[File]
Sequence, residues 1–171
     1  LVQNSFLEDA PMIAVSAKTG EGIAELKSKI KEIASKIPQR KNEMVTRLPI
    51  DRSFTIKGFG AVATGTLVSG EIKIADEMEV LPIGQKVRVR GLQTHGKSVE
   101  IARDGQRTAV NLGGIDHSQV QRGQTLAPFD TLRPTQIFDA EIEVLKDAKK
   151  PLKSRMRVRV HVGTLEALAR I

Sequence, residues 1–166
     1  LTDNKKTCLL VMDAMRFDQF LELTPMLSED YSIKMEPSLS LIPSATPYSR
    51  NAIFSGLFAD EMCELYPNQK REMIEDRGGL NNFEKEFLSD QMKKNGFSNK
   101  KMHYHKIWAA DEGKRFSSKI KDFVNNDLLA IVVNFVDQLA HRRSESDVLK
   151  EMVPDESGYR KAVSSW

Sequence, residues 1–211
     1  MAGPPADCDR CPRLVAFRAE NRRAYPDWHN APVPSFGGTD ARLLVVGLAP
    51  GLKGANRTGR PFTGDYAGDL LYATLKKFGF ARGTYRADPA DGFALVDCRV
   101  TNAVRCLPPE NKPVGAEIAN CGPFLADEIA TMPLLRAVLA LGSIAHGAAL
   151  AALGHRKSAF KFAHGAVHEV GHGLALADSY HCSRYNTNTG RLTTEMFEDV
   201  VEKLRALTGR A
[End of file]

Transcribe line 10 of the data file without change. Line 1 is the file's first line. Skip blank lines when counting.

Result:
   151  EMVPDESGYR KAVSSW